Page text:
She looks genuinely happy and her make-up is much more natural than the previous woman. She’s also more tan – this may either be due to her genetic make-up or being tan to fit into the American culture. I believe people put too much time into tanning, which I don’t think is necessary. All her body parts are proportionate, which I like.
Model 3
Comments:
  1. Her face is very youthful. She has nice plump lips, and her eyes are also very beautiful.
  2. Her hair seems kind of dry – probably from the hairspray. It seems natural however, which is nice. I like curls in the hair – it is a very popular hair style to show sexiness.
  3. To industry standards, I would say that this is not attractive. However, I admire her for her confidence to show her body. I know that I would not be confident in showing my body. As long as she is in good health, she should stay herself!
  4. Her toe nails are good! Mi piace! I wish I had good toe nails– fingernails too.
  5. She has nice thick thighs. She looks like she keeps in pretty good shape!
Overall:
She has a lovely face and I can see the confidence in her. I feel as long as you are confident, you are lovely, regardless of what others say. My opinions may be skewed because I have a more optimistic view of beauty.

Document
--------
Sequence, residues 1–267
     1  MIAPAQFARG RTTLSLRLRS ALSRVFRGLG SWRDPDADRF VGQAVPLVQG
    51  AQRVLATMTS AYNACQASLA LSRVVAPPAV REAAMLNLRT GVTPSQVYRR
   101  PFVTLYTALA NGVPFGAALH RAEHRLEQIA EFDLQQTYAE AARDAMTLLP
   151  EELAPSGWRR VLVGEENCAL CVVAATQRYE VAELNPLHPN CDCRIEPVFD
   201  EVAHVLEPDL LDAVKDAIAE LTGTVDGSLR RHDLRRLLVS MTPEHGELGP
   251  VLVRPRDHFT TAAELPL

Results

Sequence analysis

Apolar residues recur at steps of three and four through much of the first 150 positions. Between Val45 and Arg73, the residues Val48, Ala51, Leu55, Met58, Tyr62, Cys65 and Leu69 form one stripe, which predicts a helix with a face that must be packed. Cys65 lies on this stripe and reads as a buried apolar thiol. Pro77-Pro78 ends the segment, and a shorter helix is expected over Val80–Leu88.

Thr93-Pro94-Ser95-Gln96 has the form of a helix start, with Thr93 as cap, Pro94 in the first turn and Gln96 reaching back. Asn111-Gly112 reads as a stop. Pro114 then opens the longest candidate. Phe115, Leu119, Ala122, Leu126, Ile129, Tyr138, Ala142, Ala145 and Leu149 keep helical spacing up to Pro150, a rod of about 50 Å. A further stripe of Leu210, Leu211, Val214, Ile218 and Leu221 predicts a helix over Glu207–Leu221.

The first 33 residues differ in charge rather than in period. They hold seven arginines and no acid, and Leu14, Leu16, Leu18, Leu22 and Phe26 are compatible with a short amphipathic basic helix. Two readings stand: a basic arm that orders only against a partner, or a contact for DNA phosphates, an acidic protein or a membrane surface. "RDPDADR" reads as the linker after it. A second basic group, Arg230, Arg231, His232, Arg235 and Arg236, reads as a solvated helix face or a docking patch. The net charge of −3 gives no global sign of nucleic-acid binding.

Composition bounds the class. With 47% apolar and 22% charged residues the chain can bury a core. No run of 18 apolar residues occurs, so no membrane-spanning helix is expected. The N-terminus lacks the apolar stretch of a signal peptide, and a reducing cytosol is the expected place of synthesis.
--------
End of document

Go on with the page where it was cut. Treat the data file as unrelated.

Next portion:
My Insights:
  1. Even as Stacey looks at these images, she makes personal references to herself like: “I wish I had good toe nails– fingernails too.” This supports the idea that women are influenced by media and by the women who surround them in their lives.
  2. Between the first and third models, the opinion of the models’ body shapes moves from the words “fit” to just “healthy,” which leads me to the questions, is there a difference between the two, or is it just a nicer way to comment on one’s size?
  3. These comments are very kind overall, but I imagine that if Stacey were commenting on herself, she would be much more critical of her own small flaws that others may not even notice: “I know that I would not be confident in showing my body.”
  4. She noticed very minor details like the first model’s mole. However, I did tell her to specifically look and comment on these images, so I have to wonder if she would still notice these details otherwise.
  5. While Stacey is in influenced by the media, I still feel like she at least can see the differences between industry standards and real life: “To industry standards, she is slightly over sized (sad to say), but I’m glad she is comfortable enough to show her skin.”

Next: Michelle

DIY Beauty Masks

•May 4, 2010 • 1 Comment